The world of online video games is ever more ephemeral, as we’re seeing in those titles that after just a couple years of life can no longer be played online after being disconnected from official servers. Luckily, the PC is much more versatile than the world of consoles, meaning that thanks to initiatives like GameRanger you can keep playing games online even after they’ve lost their official online support from their creators.

What is GameRanger?

GameRanger was created by Scott Kevill in 1999 as a platform for online gaming on Mac. From 11 games that were initially supported its list has grown to currently more than 600 compatible video games, in large part thanks to the launch in 2008 of the Windows client.

Although its main commitment is to provide an online gaming infrastructure for titles that no longer have it, the other advantage of the platform is the possibility to use it independently of the official platform for certain games. An example of this is Warcraft III and Diablo 2, two of the games with the most active servers on the service, which allows you to get around the required connection to

The installation process is very simple, and the only requirement is that you have Adobe Flash Player installed. After this, you’ll be asked to create a new user account, for which you’ll need to provide an email address and a username, and then select whether you’d like to activate the parentall control filter on the chat channels. After receiving and accepting the confirmation email you’ll have total access to the service.

gameranger screenshot 2 GameRanger, the home of online PC games with no official servers

The way it works is very simple: when you access the program you’ll see a list of all active games along with the number of connected players, the ping of the server, and the server availability. Depending on the nature of the game, you can connect directly to the game itself or go first to the “briefing” room in case you have to go there before starting to play.

Of course, besides just joining other people’s games you can also serve as a “host” yourself. Both options are easily accessible from the program’s main window. To connect, the only and obvious requirement is to already have the game that you want to play. You’ll need to specify the filepath of where it’s found on your computer.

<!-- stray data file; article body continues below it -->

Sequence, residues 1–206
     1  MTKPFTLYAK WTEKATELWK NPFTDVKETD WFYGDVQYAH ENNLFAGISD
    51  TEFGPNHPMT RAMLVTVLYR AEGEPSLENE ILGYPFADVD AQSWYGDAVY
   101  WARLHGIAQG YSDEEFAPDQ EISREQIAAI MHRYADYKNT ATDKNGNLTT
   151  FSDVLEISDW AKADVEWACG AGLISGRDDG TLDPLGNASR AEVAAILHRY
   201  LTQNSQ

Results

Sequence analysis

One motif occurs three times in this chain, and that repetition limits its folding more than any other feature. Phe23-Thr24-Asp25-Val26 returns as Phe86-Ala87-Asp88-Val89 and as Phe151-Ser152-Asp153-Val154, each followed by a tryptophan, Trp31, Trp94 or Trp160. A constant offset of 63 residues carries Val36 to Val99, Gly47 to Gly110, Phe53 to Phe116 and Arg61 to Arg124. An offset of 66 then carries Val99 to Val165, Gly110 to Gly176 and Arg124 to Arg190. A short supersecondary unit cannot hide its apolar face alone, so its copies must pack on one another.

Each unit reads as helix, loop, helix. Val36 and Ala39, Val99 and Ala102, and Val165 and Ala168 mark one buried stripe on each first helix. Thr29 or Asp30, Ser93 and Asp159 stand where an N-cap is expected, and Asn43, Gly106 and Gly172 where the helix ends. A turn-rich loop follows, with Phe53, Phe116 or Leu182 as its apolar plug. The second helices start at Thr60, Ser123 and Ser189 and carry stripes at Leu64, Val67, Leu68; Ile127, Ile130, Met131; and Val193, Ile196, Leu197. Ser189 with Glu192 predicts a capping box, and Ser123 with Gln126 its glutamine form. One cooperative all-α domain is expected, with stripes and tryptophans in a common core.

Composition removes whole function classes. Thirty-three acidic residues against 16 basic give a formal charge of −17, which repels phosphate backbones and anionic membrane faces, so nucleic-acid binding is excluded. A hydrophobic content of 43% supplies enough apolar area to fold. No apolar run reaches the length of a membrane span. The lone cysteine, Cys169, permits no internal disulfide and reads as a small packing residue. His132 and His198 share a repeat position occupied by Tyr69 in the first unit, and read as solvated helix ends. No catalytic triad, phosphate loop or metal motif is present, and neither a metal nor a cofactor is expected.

gameranger screenshot 1 GameRanger, the home of online PC games with no official servers

The basic version of the tool is completely free, and its business model is based on the option to upgrade your account to Premium to get extra features. For $20 a year you can get a Silver account to enable voice chat and you can increase your list of contacts from the initial limit of 50 up to 100. For $40 you can get rid of the program ads and create your own private chat rooms.

The savior of many video games

Unfortunately, the closure of official servers is a practice that is happening after an increasingly short time span. The problem is again on everyone’s minds given the imminent shutdown of the long-lived GameSpy service, one of most utilized online gaming platforms with support for more than 800 games.

gameranger screenshot 3 GameRanger, the home of online PC games with no official servers

While the majority will continue to be available to enjoy online, many others will become orphans in the online world, and we’re not talking about trivial titles here: we’re talking about Star Wars Battlefront II, Battlefield 20142, Civilization IV, Borderlands, Quake III Arena, and Medieval II: Total War. GameRanger is picking up the baton for many of them: the obvious example is the one and only Halo: Combat Evolved, which has just been added to its list. The problem is obvious: the game might still be available on other platforms like Steam or Origin, but it doesn’t seem very fair to have to go and buy all of them again.

There are flagrant cases, such as that of the mythical Neverwinter Nights from Bioware, whose worlds still have thousands of players. Given GameSpy’s integration into the online multiplayer client, GameRanger has become the final hope for being able to continue using them. It seems that there’s now no turning back in the trend for us gamers to be the ones to save the studios’ bacon. Besides launching unofficial patches to improve graphics or performance, doing amateur translations, or enriching the games with mods and add-ons, now we also have to keep the games alive on the servers. Next we’ll be having to finance them ourselves. (Oh, wait…!)


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